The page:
Non-steroidal anti-inflammatory medicines (NSAIDs), such as ibuprofen or aspirin, can induce stomach or duodenal ulcers, according to the National Health Service (NHS) of the United Kingdom. This is especially true if these medications are taken for a long time or at high dosages. Meanwhile, CBD may aid in the treatment of stomach ulcers by providing excellent pain relief.
Nausea is the sensation or desire to vomit. Medication, chemotherapy, food poisoning, morning sickness, general anesthesia, and migraines are only a few of the causes. According to a review published in the journal Psychopharmacology, activating the CB1 receptor reduces vomiting.
CBD’s anti-nausea benefits may be due in part to its indirect stimulation of the 5-HT-1A autoreceptors in the brain stem’s “vomiting center” or “chemoreceptor trigger zone,” according to studies.
CBD oil is still undergoing several scientific and medical tests to establish its effectiveness in combating stomach ulcers; nevertheless, because CBD oil is a known pain reliever, it may be able to assist you to find relief from the pain produced by this condition. Your doctor will be able to tell you whether CBD interacts with any of your existing medicines and can help you figure out the best dosage for you. When using CBD, start with low to moderate dosages and gradually increase until you reach the desired outcomes.
The Cibadol range of CBD products includes CBD Muscle Relaxant (1800mg), CBG Tincture (900mg), CBN oil for Sleep (1050mg), CBN Tincture (300mg), and CBD Pet Tincture (1800mg), besides a host of others.
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Gastric ulcer: Can cannabis be helpful in gastric ulcers?
There are no clinical studies with cannabinoids in gastric ulcers. However, THC and other substances that bind to the cannabinoid-1-receptor (CB1 receptor agonists) inhibited the gastric acid production in humans and the formation of ulcers in animals.
The nervous system of the bowel of several species, including the mouse, rat, guinea pig and humans, contains cannabinoid CB1 receptors that depress motility of stomach and intestine. (. )
Gastric acid secretion is also inhibited in response to CB1 receptor activation, although the detailed underlying mechanism has yet to be elucidated. Cannabinoid receptor agonists delay gastric emptying in humans as well as in rodents and probably also inhibit human gastric acid secretion. (. )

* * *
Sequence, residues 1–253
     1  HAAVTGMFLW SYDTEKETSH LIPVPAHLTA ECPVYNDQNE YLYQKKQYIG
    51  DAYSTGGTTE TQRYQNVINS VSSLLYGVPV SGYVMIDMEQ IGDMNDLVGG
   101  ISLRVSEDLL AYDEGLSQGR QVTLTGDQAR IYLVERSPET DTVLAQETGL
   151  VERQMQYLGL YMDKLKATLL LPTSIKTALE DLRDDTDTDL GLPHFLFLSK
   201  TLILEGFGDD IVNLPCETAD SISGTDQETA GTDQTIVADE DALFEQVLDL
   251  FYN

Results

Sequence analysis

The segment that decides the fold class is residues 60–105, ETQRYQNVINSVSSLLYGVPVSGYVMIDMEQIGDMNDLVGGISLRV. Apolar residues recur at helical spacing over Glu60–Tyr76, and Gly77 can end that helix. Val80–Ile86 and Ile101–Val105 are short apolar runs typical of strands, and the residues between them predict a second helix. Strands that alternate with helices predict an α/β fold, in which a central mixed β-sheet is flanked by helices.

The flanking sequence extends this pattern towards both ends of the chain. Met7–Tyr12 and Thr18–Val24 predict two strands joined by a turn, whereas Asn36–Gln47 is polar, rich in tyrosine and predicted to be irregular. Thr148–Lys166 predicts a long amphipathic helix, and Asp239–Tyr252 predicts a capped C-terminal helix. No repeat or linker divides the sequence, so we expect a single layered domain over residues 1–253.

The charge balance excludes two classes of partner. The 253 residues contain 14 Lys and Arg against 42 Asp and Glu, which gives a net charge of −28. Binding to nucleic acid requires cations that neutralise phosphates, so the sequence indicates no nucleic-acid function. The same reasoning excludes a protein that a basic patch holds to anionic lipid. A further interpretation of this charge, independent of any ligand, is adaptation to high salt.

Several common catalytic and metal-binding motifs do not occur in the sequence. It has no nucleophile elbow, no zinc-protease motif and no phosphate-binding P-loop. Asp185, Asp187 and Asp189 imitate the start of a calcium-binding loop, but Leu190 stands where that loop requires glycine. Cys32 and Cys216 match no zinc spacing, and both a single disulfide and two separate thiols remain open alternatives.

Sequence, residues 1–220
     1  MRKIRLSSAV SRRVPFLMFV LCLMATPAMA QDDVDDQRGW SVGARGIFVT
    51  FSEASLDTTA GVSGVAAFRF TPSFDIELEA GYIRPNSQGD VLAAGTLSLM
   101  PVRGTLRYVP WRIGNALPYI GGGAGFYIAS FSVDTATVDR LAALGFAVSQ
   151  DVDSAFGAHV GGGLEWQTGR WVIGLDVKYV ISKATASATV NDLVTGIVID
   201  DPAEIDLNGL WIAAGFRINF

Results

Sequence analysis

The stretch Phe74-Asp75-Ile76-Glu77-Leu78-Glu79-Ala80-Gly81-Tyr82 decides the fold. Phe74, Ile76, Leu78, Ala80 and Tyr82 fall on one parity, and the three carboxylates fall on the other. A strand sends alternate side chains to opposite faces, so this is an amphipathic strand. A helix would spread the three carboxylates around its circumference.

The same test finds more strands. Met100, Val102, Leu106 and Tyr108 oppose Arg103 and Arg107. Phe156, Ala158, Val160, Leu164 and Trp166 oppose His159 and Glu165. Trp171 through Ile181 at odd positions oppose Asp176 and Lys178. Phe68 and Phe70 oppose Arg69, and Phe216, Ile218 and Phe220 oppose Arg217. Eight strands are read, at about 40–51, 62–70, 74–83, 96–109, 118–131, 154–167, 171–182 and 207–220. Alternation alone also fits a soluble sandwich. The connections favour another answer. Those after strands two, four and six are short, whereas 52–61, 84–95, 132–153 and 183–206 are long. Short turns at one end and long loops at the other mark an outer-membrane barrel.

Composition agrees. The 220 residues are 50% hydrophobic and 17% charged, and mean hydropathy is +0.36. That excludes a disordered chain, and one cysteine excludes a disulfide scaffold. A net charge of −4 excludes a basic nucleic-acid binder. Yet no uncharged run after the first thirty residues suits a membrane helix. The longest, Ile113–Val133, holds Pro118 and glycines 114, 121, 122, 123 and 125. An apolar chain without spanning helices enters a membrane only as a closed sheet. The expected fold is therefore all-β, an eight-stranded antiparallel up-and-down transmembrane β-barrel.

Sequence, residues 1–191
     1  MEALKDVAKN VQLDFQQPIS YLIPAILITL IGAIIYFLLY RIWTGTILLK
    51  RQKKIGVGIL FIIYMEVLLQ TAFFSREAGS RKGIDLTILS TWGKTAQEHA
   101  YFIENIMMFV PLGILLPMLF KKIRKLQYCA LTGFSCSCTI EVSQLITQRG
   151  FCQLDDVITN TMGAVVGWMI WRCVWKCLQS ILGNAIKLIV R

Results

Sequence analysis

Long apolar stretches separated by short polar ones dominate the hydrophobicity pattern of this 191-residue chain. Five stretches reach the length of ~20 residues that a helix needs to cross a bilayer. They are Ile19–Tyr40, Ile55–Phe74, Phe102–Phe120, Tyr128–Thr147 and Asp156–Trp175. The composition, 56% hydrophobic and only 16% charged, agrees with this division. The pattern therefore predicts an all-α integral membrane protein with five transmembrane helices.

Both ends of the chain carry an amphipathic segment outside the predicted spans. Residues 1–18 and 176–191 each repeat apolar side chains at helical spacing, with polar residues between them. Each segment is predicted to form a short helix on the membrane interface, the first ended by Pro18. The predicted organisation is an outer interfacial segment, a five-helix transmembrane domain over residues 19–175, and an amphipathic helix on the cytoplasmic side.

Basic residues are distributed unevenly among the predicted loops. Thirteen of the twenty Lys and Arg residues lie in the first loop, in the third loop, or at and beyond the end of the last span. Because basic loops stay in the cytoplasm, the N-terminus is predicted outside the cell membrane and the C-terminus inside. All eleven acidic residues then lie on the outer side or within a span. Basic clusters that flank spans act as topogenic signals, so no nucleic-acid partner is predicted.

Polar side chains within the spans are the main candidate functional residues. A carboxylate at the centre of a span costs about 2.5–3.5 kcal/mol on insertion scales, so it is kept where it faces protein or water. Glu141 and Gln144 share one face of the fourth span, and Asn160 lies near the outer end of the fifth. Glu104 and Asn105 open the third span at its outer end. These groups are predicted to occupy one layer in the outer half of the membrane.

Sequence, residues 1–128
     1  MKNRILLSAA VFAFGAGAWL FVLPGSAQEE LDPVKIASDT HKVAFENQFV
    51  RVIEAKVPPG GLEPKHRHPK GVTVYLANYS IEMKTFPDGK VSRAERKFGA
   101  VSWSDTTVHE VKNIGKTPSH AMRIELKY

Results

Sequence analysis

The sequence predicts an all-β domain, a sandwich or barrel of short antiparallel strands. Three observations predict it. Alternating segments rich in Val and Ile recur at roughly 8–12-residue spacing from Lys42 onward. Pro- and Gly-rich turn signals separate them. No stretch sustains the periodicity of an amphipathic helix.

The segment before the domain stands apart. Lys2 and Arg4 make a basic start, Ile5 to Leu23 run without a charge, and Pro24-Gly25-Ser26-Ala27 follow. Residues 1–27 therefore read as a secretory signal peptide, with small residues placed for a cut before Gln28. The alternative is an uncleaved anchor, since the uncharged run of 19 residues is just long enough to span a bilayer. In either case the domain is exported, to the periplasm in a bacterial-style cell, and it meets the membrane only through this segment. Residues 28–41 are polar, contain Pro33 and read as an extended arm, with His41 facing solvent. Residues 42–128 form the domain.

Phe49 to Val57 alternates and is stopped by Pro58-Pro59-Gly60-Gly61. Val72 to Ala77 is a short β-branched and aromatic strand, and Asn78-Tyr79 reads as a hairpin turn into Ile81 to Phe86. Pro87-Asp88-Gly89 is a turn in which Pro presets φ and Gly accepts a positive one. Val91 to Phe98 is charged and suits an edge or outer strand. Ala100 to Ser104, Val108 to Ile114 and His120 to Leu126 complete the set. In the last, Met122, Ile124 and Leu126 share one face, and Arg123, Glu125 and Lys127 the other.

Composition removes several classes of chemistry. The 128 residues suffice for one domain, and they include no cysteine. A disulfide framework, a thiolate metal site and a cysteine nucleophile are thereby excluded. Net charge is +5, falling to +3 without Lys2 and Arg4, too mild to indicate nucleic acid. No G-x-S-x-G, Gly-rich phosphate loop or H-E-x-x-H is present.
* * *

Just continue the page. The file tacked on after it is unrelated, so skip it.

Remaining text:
The extent to which the effects on gastrointestinal function of cannabinoid receptor agonists or antagonists/inverse agonists can be exploited therapeutically has yet to be investigated as has the extent to which these drugs can provoke unwanted effects in the gastrointestinal tract when used for other therapeutic purposes.
Modified according to: Pertwee RG. Cannabinoids and the gastrointestinal tract. Gut 2001;48(6):859-867.
Adami et al.
In anaesthetized rats the non selective CB-receptor agonist WIN 55,212-2 and the selective CB(1)-receptor agonist HU-210 dose-dependently decreased the acid secretion. (. ) Our results indicate that the antisecretory effects of cannabinoids on the rat stomach are mediated by suppression of the activity of the vagus nerve on the stomach through activation of CB1 receptors.
Modified according to: Adami M, et al. Gastric antisecretory role and immunohistochemical localization of cannabinoid receptors in the rat stomach. Br J Pharmacol 2002;135(7):1598-1606.
Sofia et al.
Delta-9-tetrahydrocannabinol (THC) inhibited ulcer formation in the rat. However, this antiulcer activity of THC was substantially less than for tridihexethyl chloride.
Modified according to: Sofia RD, et al. Evaluation of antiulcer activity of delta9-tetrahydrocannabinol in the Shay rat test. Pharmacology 1978;17(3):173-177.
Nalin et al.
In 90 volunteers participating in a vaccine-development programme consumption of beer more than 3 days a week was linked with high stomach acid output, and smoking of cannabis greater than 2 days a week was linked with low acid output.
Source: Nalin DR, et al. Cannabis, hypochlorhydria, and cholera. Lancet 1978;2(8095):859-862.